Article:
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Canine Care – How to Keep Your New Pup Happy and Healthy

Let’s face it, puppies are absolutely adorable and nothing is more heartwarming than their boundless and uncoordinated enthusiasm. For dog lovers, getting a new puppy can be an especially exciting time as we look forward to the lifelong friendships we will be building with our pet over the years to come. However, it is important not to let our enthusiasm get the best of us and recognize that having a new puppy presents its fair share of challenges. With that being said, this article will provide you with tips that can ensure your new pup has the best possible start in life.

Take Them to a Veterinarian

This is a good time to make sure your dog is healthy by having a vet perform a physical and a weigh-in. This should be scheduled within a couple of days of getting the puppy. It can also be a good chance to meet new people who will handle the puppy with care and probably provide some treats as a bonus. Unfortunately, dogs are vulnerable to a range of infectious diseases that can sometimes be fatal. Avoid this by scheduling any vaccinations that your veterinarian might recommend. This is also an opportunity to talk to your vet about flea treatments, dog worming tablets, and any other health concerns you might have.

Safe Living Space

Make sure that the space is free from anything potentially dangerous or anything that you don’t want to be chewed to pieces. Within that living space, give them a place to sleep, puppies love to sleep after all. Giving them some toys is a good idea to keep them occupied when you are not around.

Toilet Training

Given the small bladder of a puppy, they will need to go to the toilet frequently. This process requires time and patience on your part but it’s important to make the process as efficient as possible. When you can’t watch the puppy, it needs to be confined to an area such as the laundry, playpen, or crate. This will prevent accidents in the home. It is ideal to take your puppy to the same spot in the yard and reward them, every time. It is best to take your puppy outside after 15 or 20 minutes of place and after every meal. Avoid punishment because it might cause the puppy to be reluctant to go in your presence. Watch out for signs that the dog needs to go which might include: sniffing, fidgeting, circling, and squatting.

Puppy Socialisation

The sooner your puppy learns to get along well with other people and animals the better. This can be done by introducing them to as many adults, children, dogs, and other animals as possible. Doing this throughout the first year of the dog’s life will make it significantly more likely that the dog’s temperament is agreeable. You do not want a dog who is frightened of everything or one which develops behavioural problems. This should be done as early as possible and because most puppies between three and 12 weeks will approach new people and animals without much fear and they will socialise faster. Another possibility might be to consider puppy school classes.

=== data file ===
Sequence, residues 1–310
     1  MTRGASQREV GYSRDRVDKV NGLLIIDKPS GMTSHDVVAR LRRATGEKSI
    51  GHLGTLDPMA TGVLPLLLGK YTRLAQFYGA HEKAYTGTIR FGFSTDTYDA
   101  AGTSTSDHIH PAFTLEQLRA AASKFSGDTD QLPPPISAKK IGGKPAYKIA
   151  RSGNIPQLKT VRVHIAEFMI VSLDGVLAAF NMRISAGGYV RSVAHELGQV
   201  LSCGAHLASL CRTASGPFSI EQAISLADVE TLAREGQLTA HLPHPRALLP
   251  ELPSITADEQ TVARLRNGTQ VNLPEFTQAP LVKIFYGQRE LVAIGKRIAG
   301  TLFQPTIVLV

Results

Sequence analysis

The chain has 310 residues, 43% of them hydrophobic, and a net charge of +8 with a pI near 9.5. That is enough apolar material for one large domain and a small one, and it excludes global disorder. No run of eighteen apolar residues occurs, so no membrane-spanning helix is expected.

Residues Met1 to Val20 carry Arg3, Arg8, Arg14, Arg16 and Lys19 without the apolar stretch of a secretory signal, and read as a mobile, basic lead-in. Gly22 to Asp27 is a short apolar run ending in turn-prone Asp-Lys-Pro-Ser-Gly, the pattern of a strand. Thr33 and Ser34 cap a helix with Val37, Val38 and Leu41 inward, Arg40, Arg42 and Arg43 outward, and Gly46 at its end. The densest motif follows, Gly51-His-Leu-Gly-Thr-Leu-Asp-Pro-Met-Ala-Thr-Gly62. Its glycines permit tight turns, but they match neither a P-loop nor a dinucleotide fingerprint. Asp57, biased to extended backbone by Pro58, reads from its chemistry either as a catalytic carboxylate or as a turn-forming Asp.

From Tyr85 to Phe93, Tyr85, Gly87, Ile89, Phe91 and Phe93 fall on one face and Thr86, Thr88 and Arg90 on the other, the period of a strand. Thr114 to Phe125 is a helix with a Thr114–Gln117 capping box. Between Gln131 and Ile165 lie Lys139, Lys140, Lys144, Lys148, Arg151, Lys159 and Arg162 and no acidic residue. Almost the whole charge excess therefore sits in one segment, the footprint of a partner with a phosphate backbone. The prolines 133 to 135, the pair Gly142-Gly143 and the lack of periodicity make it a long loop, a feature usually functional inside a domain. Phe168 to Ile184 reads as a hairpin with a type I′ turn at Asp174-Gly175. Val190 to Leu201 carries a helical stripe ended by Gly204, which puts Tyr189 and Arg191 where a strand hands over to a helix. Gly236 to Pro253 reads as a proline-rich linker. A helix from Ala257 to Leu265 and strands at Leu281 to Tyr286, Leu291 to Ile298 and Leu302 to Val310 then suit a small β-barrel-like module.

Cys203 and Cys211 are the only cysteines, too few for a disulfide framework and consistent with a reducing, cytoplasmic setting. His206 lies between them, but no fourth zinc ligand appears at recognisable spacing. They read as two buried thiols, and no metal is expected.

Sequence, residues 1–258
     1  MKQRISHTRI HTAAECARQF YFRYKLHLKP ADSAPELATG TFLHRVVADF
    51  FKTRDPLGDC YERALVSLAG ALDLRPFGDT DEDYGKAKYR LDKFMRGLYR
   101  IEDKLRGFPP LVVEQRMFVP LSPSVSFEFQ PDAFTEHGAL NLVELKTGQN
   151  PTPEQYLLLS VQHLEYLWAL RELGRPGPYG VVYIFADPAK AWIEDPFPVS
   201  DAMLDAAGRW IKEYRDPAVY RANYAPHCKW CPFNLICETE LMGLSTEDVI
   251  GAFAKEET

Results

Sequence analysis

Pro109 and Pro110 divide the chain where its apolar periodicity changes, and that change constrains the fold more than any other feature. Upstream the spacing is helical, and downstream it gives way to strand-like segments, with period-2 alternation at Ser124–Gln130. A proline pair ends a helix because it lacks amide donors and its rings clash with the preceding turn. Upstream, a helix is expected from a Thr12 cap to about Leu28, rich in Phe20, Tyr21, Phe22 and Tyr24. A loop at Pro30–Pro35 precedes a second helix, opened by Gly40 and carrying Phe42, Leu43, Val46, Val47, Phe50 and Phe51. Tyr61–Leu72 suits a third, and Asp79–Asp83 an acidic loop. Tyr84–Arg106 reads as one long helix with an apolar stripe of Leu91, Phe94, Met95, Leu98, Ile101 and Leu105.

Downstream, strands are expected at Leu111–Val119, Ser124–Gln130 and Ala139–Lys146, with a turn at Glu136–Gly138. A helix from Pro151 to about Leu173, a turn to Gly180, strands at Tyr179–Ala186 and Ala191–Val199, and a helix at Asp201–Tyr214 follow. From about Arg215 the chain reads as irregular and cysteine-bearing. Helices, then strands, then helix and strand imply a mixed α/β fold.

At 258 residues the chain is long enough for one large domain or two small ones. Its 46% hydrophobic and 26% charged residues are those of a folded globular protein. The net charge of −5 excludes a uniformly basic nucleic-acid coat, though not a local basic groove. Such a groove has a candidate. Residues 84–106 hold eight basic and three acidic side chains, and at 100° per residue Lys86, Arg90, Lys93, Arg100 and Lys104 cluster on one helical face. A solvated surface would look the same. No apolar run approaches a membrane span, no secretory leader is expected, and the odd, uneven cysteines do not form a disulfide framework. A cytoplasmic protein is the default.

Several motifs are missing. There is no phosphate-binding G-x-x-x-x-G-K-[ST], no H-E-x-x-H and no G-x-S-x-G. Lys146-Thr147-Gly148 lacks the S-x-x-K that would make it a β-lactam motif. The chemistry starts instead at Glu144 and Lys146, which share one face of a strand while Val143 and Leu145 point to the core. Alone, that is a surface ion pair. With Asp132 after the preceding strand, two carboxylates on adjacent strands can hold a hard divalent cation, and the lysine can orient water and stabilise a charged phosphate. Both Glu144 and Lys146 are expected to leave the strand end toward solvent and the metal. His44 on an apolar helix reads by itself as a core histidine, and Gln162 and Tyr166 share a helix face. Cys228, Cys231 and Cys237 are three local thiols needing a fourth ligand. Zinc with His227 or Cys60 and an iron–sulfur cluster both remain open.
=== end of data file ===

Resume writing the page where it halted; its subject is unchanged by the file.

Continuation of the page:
Feeding your puppy can help them grow and is an opportunity to bond with them too. A regular mealtime prevents your dog from over-eating and means they are on a schedule that is easier for you to manage. You might want to try to hand-feed them for the first couple of weeks and in different areas of the house.


Puppies will require a daily walk so they can work off some energy and explore the neighbourhood. Exercise provides health benefits and is another opportunity to socialise your dog. Obesity in Australian pets is a large problem and you should be committed to your animal’s health and make sure they get plenty of exercise.


Begin training about three weeks after your puppy arrived at home. This is a great opportunity for the two of you to develop a great relationship and eventually, your dog will be much more likely to obey you as it grows up. Start with simple tricks such as sitting down and high-fives and go from there. At around 10 to 12 weeks, they can begin to attend a puppy school, which is a great opportunity for further socialization with other people and dogs.

Before you commit to becoming the owner of a new puppy, you need to consider all of the hard work it will require. Despite the responsibilities, many of us know how deeply satisfying it can be to raise a puppy into a devoted dog, and the power of the bond that we can share with our pets. Just remember to have fun because puppies are not puppies for very long!